• Bridges - This lovely Ubud dining spot stands out thanks to its multi-level terrace constructed right into a lush hillside along the Wos River. If you’re looking for that ultra-romantic dining experience, this is it. The property is also home to the only wine bar in Ubud, plus a wine shop offering a wide-range of selections. As for the menu selection, expect everything from soy-braised wagyu to basil-infused gnocchi to Chocolate-espresso lava cake. 

  • Kendi Kuning Restaurant - In Nusa Dua, a local restaurant serving traditional Indonesian cuisine on the beach. And when they say on the beach, they mean it. Tables and chairs are positioned right in the soft sand. Meanwhile, expect reasonable prices, excellent service, divine views, and delicious seafood selections.  

  • Mozaic - A must when in Ubud. Guests will dine in a lovely garden area adorned with torches and elegant tables — perfect for a romantic honeymoon meal. The restaurant has become well known for its innovative French-Indonesian cuisine, featuring four six-course tasting menus that change daily.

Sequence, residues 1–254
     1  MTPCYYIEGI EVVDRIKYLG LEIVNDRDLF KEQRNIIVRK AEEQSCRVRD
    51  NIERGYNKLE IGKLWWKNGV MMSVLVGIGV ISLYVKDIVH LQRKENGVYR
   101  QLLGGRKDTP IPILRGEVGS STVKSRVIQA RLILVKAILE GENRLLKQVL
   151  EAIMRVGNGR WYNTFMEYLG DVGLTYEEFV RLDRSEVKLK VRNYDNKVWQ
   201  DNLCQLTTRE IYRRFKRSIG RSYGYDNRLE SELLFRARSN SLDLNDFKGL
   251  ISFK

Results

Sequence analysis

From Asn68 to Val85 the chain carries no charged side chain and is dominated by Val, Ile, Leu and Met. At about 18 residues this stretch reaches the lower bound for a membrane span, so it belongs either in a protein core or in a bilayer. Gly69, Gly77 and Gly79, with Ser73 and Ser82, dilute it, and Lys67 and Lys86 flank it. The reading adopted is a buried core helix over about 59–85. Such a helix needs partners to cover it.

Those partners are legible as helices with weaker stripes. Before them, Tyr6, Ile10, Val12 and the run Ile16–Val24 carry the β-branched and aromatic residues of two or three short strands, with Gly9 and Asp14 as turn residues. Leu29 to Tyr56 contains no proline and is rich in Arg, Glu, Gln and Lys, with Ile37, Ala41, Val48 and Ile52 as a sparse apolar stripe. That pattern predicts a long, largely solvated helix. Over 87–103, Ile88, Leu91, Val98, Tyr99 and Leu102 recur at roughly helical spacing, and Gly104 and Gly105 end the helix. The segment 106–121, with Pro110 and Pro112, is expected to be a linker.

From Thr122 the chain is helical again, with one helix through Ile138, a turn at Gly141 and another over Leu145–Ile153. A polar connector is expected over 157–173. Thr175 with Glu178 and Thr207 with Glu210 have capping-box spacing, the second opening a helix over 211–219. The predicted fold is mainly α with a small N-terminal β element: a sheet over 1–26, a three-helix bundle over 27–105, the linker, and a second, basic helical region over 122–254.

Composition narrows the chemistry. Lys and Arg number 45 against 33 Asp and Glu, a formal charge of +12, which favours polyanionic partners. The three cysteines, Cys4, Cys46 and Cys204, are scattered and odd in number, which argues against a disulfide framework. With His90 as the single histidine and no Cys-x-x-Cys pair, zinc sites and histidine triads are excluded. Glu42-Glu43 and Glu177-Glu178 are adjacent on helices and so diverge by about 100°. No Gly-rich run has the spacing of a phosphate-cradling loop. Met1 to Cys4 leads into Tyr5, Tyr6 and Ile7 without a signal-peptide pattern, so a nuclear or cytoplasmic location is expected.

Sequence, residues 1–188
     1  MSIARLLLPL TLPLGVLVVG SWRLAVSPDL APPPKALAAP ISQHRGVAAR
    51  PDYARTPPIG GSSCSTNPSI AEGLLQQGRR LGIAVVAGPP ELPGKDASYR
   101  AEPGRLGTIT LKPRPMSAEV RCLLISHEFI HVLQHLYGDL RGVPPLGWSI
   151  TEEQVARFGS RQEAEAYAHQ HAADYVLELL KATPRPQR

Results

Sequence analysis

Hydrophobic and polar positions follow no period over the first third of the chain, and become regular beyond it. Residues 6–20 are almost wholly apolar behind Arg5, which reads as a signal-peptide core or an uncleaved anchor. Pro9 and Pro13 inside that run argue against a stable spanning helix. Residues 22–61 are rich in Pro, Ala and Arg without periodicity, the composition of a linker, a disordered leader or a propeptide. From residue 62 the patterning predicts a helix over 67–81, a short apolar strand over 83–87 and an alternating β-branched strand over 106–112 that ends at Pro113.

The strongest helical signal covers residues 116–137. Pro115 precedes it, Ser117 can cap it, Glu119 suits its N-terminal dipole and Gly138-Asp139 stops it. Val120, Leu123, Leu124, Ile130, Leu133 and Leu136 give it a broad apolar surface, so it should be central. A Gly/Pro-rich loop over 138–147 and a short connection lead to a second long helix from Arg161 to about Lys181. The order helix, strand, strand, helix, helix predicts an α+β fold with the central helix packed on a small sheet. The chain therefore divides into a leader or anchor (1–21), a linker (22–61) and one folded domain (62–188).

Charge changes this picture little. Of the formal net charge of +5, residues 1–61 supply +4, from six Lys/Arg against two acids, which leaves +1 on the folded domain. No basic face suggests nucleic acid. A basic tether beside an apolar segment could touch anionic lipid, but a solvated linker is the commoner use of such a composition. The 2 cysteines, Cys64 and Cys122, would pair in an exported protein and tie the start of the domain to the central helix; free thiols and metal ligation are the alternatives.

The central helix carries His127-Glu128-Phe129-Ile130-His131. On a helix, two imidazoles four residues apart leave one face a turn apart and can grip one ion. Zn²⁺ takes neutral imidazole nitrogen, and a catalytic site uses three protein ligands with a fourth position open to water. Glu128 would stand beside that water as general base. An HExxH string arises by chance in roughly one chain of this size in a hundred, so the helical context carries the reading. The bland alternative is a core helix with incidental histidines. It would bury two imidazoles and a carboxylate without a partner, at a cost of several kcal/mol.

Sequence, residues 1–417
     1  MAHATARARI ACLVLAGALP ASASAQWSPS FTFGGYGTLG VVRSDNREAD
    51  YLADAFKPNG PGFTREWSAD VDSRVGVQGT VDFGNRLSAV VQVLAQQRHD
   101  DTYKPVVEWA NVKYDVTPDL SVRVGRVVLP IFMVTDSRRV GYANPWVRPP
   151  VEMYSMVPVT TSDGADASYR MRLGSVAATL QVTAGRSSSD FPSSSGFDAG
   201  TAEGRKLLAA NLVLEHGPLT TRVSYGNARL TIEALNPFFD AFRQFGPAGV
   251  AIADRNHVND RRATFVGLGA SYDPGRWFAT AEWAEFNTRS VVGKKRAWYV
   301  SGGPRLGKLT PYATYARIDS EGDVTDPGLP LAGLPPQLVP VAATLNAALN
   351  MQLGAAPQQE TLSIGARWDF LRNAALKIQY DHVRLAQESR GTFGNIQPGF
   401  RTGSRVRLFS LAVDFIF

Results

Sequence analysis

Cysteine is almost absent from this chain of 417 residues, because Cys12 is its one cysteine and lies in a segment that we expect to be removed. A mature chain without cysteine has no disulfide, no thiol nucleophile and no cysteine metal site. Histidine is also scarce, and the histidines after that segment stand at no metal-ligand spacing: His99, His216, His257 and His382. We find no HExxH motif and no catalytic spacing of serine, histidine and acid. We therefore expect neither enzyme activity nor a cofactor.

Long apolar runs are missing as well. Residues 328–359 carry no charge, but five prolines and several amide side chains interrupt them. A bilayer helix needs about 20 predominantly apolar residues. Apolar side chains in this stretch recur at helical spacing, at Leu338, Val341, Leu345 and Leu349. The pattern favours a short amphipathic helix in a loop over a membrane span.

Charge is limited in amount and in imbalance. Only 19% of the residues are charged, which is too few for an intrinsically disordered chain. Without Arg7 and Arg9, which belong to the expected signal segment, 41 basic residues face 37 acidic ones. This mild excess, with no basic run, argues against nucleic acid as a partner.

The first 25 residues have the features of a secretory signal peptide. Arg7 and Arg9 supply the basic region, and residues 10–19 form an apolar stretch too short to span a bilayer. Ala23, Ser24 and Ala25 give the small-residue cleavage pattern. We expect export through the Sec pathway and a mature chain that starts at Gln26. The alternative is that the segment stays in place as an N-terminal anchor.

Getting There

Ngurah Rai International Airport (DPS) is Bali's main airport. There are no non-stop flights to DPS from the United States. Likely connections include Seoul, Hong Kong, or Singapore. The airport – also known as Denpasar Airport – is located in southern Bali and situated near the island's main resorts and provincial capital of Denpasar. Ngurah Rai features many rental car companies, plus taxi services, shuttle buses, and other public transportation options.